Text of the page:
If I think that Freedom is to do whatever I want then I can go home and print millions of Deacon Dollars. Then I am going to take a sack-load of Deacon Cash and buy my Groceries. This way I will have plenty of food (especially ice cream). They may not like my Deacon Dollars is their problem – it is a free country after all.
What is the Sin here?
What would I be doing if I printed up a bunch of Deacon Dollars and used them to buy my groceries at King Soopers? What crime would I be charged with? Stealing? Yes! Would my action be sinful? Yes!
Doing whatever I want is not freedom, it is license.
Jesus is teaching us that God has given us the gift of Freedom, and He invites us give that gift back to God in return. The Freedom that we have is to choose to do what is good over what is evil.
Choosing Good Frees me
There is a beauty in this gift that God gave us, when I use my freedom to choose good, I become more free, I have a greater ability to choose the good, and that allows even more freedom. This is what the lives of the Saints teach us. When they choose the good, avoiding sin, forgiving their enemies, loving even those who do not love in return, they discover that this is a gift from God, and it helps us to love the world more and more and more. The more we are able to love, the more we are free from sin to love.
Choosing Evil Enslaves me
If on the other hand I choose to do evil, then I become enslaved. The more I sin, the more addicted I become to my sin, and the less free I am, until my sin becomes a compulsion and I sin without even thinking about it. I become less and less a person.
There is only one true freedom, and that is to choose the good. To choose to do evil means that I choose slavery to sin.
How does evil enslave?
By addiction, by making a lesser good seem like the ultimate good. Then we are willing to sacrifice the greater good for the lesser good.
The Cookie Monster
A 2 year old wants a cookie. Mom says you need to eat your vegetables first. The two year old gets upset and throws a riot, trying to wear the mother down. The mother now has to make a choice between two things. 1. Choose the good and teach her child the value of good nutrition, or choose the good and give the kids a cookie so she can have 5 minutes of peace and quiet.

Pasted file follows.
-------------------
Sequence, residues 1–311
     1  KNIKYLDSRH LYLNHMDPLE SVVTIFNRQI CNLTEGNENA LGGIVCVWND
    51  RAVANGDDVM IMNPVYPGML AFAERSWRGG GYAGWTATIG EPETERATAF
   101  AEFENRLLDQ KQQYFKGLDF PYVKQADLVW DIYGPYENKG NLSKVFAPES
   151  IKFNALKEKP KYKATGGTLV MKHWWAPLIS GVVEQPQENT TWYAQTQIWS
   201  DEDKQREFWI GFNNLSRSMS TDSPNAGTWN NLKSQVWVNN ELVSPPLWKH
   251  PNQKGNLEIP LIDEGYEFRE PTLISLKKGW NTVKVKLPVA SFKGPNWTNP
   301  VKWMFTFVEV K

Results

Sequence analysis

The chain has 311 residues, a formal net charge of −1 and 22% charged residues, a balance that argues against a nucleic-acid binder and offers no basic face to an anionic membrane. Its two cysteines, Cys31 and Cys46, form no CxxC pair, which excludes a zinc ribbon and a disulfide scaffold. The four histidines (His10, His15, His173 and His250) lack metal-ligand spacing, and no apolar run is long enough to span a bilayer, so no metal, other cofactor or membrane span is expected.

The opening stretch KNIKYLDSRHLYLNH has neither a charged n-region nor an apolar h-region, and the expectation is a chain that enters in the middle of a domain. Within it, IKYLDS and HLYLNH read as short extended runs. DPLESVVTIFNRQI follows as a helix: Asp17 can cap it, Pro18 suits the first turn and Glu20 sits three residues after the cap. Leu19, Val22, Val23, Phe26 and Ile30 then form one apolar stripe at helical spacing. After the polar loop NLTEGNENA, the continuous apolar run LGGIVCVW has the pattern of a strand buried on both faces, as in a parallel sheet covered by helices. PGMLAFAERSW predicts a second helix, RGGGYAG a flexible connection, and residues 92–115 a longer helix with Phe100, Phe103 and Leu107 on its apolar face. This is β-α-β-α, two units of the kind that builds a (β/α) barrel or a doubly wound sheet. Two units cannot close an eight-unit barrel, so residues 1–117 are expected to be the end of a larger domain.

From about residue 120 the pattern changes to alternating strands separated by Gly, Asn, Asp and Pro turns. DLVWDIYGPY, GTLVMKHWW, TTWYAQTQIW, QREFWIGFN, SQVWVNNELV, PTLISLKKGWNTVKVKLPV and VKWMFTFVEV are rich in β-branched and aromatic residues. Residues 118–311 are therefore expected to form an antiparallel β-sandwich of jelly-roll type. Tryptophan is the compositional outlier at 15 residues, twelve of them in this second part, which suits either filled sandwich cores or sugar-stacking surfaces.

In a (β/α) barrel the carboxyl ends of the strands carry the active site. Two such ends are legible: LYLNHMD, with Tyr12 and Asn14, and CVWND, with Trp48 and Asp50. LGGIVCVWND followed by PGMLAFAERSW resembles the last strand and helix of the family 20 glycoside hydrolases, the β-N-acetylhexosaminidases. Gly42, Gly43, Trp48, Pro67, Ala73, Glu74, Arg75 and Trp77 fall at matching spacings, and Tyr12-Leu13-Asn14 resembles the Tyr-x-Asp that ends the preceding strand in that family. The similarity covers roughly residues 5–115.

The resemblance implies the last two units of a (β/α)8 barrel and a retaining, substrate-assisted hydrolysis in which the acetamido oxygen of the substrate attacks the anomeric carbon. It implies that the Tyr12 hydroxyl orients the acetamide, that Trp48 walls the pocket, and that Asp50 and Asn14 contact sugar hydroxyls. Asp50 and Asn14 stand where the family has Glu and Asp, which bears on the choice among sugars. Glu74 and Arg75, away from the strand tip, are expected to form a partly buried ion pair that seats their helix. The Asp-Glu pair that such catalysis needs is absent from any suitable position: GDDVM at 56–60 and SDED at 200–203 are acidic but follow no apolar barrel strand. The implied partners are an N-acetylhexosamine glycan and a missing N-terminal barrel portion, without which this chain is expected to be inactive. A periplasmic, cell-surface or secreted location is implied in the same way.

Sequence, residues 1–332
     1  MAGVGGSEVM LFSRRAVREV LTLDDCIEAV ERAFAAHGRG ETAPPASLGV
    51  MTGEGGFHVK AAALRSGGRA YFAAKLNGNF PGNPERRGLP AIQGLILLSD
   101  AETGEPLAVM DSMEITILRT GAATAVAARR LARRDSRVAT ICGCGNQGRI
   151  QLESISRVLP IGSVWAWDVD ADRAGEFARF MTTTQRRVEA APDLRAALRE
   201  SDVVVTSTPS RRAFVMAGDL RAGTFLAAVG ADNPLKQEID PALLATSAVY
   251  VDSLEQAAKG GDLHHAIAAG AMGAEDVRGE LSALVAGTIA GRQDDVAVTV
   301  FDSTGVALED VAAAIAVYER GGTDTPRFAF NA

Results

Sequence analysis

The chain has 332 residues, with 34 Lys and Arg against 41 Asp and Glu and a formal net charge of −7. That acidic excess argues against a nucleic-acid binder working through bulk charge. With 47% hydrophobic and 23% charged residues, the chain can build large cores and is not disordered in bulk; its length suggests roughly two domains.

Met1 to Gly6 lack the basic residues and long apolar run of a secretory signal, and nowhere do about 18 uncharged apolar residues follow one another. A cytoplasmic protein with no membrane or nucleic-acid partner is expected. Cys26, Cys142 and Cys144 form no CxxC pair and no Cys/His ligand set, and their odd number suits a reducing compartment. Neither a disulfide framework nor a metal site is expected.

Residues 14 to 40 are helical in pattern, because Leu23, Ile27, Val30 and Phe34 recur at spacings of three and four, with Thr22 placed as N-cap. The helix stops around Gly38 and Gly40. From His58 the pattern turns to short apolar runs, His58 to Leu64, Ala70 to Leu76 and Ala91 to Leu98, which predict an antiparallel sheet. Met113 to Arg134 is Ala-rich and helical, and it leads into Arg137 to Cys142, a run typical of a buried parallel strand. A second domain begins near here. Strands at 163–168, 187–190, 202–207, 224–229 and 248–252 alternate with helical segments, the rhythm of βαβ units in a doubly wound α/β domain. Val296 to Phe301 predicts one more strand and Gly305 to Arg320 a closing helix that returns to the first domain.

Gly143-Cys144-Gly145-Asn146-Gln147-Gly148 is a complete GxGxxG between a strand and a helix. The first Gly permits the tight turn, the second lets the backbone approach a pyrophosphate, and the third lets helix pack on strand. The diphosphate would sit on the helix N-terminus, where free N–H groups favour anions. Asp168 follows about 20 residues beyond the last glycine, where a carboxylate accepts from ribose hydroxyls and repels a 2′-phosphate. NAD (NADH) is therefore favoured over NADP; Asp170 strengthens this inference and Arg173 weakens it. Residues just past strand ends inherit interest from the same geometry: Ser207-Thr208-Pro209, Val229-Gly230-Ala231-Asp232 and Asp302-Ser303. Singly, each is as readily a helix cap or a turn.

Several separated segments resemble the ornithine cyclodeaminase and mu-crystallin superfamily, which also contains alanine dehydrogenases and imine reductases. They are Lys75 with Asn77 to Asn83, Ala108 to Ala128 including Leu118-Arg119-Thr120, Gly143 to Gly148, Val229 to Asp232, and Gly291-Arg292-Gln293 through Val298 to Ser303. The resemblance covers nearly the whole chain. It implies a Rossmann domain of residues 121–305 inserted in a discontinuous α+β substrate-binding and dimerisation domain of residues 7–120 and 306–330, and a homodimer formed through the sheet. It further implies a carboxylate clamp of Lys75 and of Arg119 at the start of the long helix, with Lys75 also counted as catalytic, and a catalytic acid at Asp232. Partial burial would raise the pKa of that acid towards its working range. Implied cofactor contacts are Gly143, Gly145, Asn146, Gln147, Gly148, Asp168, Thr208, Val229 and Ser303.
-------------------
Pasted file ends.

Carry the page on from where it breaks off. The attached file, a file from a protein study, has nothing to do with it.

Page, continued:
Which is the greater good? Why would we choose a lesser good?
Because we are upset, overwhelmed and our reason isn’t fully working.
The greater good is for the child to eat there vegetables, ultimately their body will be healthier from eating healthy food over junk food. More importantly, their soul is learning to listen to the voice of love (their mom), and the virtue of delayed gratification – earning what you work for.
Choosing the good over evil – telling the truth.
The two year old demanding cookies from his mother is much like us when we are addicted to sin. We struggle to choose the good because we fail to see the greater good. We choose lying over the truth because we think that the benefit of getting caught today is better than the benefit of eternal life. We are so worried about getting caught today that we fail to see the greater good at the end of our life.
To choose the good would be to tell the truth and accept the consequences in order to grow in humility and truthfulness.
Choosing the lesser of two goods, food vs fast.
We choose gluttony today, because we don’t clearly see the true cost of being overweight, getting diabetes, loosing limbs in the future. We choose the lesser good (a full tummy) over the greater good (a longer healthier life). More importantly, when we choose gluttony, our stomach becomes greater than our brothers and sisters who are hungry, who are starving, who we can really help.
To choose the good would be to eat a simpler meal and to give some of our excess to the poor.
Blessed John Paul II
Blessed John Paul II used to give himself to God each time he met someone in his day. His interior prayer was always to the Holy Spirit saying “Father, help me to open myself up to your will at this moment. Help me to give myself to you, so that you might use me as your humble instrument.” It was in that John Paul gave his heart back to God.
How are we going to give our hearts back to God this week?